If you're tracking health care this week, there are some key things to keep in mind
Don't necessarily listen to what the White House is saying; watch Congress
This is a huge week for the future of health care. Period.
Here’s what you need to know:
- Let’s all do ourselves a favor and ignore the White House predictions (or outright declarations) on when a vote might take place. They don’t exactly have a great track record on this front the past 102 days. It’s the House leaders who should (and will) guide the way on when, or if, a vote happens this week.
- That said, House Republican leaders desperately want to get this done this week. There are a number of reasons – momentum, sheer terror about members going home for recess next week and getting killed again on this, the budget window closing – that make it a really big moment for them.
- Leaders really do think they can get there this week. The combination of members who just want to do something, anything, to get this off their plate, along with what they believe is a workable product, has them closer than they’ve ever been.
- How close are they? Whip counts are dangerous and always very fluid, but we have 15 “public,” on the record NOs. That means for the remaining few dozen either undecided or undeclared, Republicans can lose around six more. That’s not much space to work with, unless they make changes/give something to the NO votes to bring them on board
- Same dynamic remains: moderates have to make a choice – walk the plank on a bill that in a bad political environment could end up ending their political careers, or reject leadership and/or a GOP President and take all of the blame for a catastrophic legislative failure for the new administration.
- They blitzed the undecided, and some outright NOs, over the weekend, both from the White House side (Vice President Mike Pence and Health and Human Services secretary Tom Price) and the Hill side (House Speaker Paul Ryan, House Majority Leader Kevin McCarthy and Rep. Patrick McHenry), aides say, but it was less arm twisting, more “education.” There’s a sense members didn’t have the time to fully understand the provisions in place in the amendment to keep those with pre-existing conditions protected from price increases even if their states opt-out, and they’re trying to get their members comfortable with that. They’re also trying to make a point to many of the northeastern moderates: there’s no way your governor would opt out, so you shouldn’t worry about it.
- Still, even those protections (pre-existing with current plans would be grandfathered in at their current prices primarily/opt-out states would have to represent fully functioning high risk pools to handle anyone who falls out of this bucket), the proposal is unquestionably filled with holes. There is a sizable churn for those with pre-existing conditions – a natural, and historical, record of a large percentage falling off plans, then getting back on. Or even just moving to a new state. So for those individuals, the grandfathering provision would do all of zero to help them. On top of that, critics say the risk pool funding in the bill – $130 billion – is likely woefully insufficient to adequately finance functioning high risk pools on a national level.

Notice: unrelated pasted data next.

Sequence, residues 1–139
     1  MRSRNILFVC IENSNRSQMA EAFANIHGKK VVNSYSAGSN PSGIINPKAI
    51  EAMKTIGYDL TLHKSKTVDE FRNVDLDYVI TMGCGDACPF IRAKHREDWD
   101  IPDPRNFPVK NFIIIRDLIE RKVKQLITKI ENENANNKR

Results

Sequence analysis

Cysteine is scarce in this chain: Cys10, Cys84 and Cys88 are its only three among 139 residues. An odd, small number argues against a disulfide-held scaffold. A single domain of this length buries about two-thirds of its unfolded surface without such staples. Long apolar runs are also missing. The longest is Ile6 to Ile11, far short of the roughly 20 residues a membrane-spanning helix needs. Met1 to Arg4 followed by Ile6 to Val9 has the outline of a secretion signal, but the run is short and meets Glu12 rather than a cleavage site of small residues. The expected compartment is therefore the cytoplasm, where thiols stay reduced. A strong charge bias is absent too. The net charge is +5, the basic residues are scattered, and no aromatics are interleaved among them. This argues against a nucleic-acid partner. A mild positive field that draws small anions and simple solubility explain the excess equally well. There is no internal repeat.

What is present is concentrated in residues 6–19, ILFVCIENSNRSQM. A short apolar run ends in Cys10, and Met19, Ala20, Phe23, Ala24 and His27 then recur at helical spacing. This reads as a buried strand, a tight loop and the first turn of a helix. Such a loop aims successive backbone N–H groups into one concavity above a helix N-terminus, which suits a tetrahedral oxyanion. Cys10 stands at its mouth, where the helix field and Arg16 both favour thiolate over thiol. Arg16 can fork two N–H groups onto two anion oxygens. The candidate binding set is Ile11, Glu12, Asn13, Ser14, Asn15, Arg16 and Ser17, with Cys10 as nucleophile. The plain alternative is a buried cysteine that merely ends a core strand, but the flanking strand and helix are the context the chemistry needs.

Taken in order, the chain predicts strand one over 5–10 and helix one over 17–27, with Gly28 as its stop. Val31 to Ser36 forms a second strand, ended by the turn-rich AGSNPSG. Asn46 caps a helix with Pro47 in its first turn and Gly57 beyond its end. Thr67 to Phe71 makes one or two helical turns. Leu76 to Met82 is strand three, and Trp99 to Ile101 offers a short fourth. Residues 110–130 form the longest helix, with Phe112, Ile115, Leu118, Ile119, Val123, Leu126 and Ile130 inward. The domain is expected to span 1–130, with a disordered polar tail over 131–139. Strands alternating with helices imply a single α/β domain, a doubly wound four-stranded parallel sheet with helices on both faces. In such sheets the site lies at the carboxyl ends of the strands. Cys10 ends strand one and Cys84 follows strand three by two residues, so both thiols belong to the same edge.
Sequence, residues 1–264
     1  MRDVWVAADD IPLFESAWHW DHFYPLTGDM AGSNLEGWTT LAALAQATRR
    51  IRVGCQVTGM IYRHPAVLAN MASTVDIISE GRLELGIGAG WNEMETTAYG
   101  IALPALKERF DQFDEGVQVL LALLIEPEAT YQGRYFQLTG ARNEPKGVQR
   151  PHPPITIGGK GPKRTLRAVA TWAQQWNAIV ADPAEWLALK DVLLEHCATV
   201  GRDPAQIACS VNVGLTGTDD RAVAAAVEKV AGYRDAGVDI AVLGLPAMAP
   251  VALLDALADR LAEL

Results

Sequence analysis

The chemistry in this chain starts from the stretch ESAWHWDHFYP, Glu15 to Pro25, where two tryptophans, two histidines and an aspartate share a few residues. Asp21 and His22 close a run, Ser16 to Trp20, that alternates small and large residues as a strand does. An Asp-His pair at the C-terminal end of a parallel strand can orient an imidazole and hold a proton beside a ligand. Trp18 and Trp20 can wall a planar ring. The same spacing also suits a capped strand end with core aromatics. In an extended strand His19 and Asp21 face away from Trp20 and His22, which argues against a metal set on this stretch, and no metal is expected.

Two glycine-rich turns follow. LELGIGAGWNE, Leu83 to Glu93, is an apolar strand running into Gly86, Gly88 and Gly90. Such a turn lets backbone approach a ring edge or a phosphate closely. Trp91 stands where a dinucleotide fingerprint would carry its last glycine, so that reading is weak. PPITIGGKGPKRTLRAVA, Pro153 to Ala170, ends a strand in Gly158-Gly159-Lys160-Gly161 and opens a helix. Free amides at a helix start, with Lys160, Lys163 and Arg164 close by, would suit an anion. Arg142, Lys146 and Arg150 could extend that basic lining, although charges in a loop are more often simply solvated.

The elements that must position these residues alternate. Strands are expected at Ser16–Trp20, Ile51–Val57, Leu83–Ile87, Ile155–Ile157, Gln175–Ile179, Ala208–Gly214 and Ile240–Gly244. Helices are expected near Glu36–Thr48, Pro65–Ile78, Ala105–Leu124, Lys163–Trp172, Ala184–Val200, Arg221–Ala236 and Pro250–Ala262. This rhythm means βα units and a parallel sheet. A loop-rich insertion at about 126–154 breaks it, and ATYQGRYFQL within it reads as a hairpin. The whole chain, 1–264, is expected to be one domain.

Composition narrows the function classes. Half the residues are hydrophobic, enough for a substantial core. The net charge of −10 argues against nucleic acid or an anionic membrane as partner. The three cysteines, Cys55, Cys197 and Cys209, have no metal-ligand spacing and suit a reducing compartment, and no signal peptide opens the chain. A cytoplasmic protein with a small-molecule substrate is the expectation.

- One possible change that could occur is an attempt to address that very issue – funding for the risk pools. There is space to add significant new cash to the bill’s existing State Stability Fund as the most likely change that could be made to try and increase the comfort of moderates. But remember, the bill has to include *at least* $2 billion in deficit savings in a order to comply with reconciliation instructions. So that reasonably gives them about $100-$115 billion, give or take, to work with. There’s a lot of risk in blowing your cash cushion in the House, when you’ll almost certainly need it for changes in the Senate, so if House leaders start heading in this direction, it’s not a good sign about where things stand. In an ideal world, they don’t want to significantly change the MacArthur amendment.
- Bottom line: House GOP members and aides have quietly been making clear they think the White House hindered this process the last week or so by pushing so hard for a vote before the conference was comfortable with the proposal, but this week the urgency is real. The window is seriously closing and, as one aide told me, “going back to the drawing board would be death to repeal and replace.” Expect them to do everything they can to get this done this week. But they have a lot of work to do. A lot. As of now, they still don’t have the votes. They’ll get the first real sense of where they are Monday at the 6:30 p.m. ET unrelated vote. They’ll map out their path forward Tuesday morning at their conference meeting. *If they have the votes, or are within striking distance at any point this week, this will likely move very fast.